Few sensations are more maddening than a serious case of itchy feet. This little tickle seems like it will never go away, especially when you’re in public and can’t get a good scratch in. Athlete’s foot is one of the most common causes of chronic foot itch, but there are several other possible culprits as well.
Athlete’s foot affects as many as 1 in 10 Americans. Symptoms of athlete’s foot include redness, scaling, peeling and cracking on the soles of the feet, as well as between the toes. It’s caused by coming into contact with the Trichophytan fungus, which particularly thrives on locker room floors and the ground surrounding swimming pools. Athlete’s foot remedies include reducing foot moisture and the use of over-the-counter anti-fungal medications for several weeks. It’s also recommended that you use the SteriShoe UV shoe sanitizer to kill up to 99.9% of the fungal spores in your shoes in one 45-minute cycle to prevent reinfection.
About 33% of diabetics suffer from some type of skin disorder, which can cause itchy feet. Peripheral neuropathy, a dysfunction of the nerves, may cause itchiness. Bacterial, fungal or yeast infections are more common in diabetics and often come with an itch of some sort. In the case of itchy feet at night, the culprit could be liver disease with a bile salt obstruction beneath the skin. Changes to the blood sugar often happen during the night, which is why the itching can be more intense at that time. Drugs like metformin, which are notoriously hard on the liver, could be contributing factors.
Dermatitis / Eczema
“Contact dermatitis” refers to an acute condition, whereas “eczema” refers to a chronic, recurring condition. Eczema affects about 10-20% of infants and 3% of the adult U.S. population. Symptoms of eczema include intense itching followed by the development of red, thick patches on the knees, wrists, hands, feet or face. The precise cause of eczema is unknown, but it’s believed to be an overreaction of the immune system. Triggers may include contact with certain plants, animal dander, household soaps and detergents, or exposure to extreme hot and cold. Sometimes steroid creams are used to combat the itch.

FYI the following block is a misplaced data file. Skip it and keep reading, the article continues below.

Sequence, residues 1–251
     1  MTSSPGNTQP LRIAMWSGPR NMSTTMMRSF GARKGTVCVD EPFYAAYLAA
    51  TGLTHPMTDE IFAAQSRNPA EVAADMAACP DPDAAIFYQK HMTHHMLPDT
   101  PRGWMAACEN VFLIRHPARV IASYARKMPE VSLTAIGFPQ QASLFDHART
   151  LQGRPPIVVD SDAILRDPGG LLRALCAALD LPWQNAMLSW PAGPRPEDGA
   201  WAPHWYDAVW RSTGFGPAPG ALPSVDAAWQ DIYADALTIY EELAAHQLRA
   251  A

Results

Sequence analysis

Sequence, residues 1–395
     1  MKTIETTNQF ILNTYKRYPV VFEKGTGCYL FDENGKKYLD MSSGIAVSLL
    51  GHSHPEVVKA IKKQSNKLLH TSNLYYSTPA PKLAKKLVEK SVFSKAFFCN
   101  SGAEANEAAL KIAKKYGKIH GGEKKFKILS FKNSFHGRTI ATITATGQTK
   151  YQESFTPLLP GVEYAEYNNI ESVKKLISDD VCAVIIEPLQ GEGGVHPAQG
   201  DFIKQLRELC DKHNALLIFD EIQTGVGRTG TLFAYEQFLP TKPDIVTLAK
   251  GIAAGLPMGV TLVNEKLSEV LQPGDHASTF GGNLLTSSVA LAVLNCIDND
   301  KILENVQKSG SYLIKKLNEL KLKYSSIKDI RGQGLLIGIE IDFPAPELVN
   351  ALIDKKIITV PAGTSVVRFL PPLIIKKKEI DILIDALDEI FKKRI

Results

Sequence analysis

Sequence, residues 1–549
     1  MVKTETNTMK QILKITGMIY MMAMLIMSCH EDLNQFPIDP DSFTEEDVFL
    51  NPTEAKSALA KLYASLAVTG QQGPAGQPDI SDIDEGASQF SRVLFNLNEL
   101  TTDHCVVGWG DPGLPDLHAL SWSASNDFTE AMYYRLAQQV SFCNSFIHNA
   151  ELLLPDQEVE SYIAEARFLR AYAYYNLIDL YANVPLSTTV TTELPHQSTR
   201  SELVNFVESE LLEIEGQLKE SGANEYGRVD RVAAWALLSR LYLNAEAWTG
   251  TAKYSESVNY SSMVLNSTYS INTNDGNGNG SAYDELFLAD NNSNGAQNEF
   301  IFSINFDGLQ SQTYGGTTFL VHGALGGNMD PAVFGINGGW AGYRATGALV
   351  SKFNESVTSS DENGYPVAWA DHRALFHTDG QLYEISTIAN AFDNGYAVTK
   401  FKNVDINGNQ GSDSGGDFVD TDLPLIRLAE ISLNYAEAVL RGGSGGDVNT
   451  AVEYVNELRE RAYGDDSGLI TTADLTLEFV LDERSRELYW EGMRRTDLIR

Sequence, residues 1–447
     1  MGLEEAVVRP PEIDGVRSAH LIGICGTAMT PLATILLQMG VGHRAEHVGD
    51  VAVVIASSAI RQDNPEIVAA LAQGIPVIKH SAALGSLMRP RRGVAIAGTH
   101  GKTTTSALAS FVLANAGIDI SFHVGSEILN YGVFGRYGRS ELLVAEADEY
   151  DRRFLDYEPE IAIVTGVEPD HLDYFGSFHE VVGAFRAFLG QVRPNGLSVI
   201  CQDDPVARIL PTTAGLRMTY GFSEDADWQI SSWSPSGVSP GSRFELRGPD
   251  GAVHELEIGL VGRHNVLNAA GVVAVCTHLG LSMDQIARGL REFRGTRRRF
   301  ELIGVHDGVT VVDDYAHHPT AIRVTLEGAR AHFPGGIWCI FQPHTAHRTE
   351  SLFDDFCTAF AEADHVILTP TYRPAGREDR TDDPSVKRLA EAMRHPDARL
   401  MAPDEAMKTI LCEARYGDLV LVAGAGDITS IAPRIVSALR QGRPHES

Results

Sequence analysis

Exposure to the human itch mite can give a person scabies, an intensely itchy rash caused by the insect burrowing into the skin. Most commonly, this parasite is transferred from person to person by skin-on-skin contact. Upon close inspection, you’ll be able to see visible burrows and a red, bumpy rash. These markings may appear between the fingers, on the backs of elbows and knees, around the waist, near the nipples, on the feet, or in the buttocks / genital area. The itching is usually worse at night. Treatment for scabies includes the use of a scabicide lotion or cream prescribed by your doctor.
Cholestasis occurs in late pregnancy and triggers intense itching, usually on the hands and feet. It is caused by a slowed or stop flow of bile digestive fluid from the liver. Luckily, it does not pose a health risk to mother or baby. Pregnancy is not the only cause of cholestasis, however. Sometimes people on medications like terbinafine, estradiol, birth control pills, chloropromazine or antibiotics may suffer from cholestasis. Pancreatitis, stones in the bile duct, cysts, bacterial abscess in the liver, tuberculosis and hepatitis can also cause this condition. Treatment involves addressing the underlying cause, so it’s best to contact your physician. Other symptoms of cholestasis, in addition to itchy feet, may include: white or clay-colored stools, the inability to digest certain foods, nausea, vomiting, pain in the upper right abdomen and yellow skin or eyes.
Sometimes itchy feet are simply affected by dry skin. Harsh cleansers, vitamin deficiency, aging, the weather, or genetics can all play a role in the development of dry skin. Treatment includes the regular use of creams and lotions to prevent the skin from cracking and keep the skin hydrated.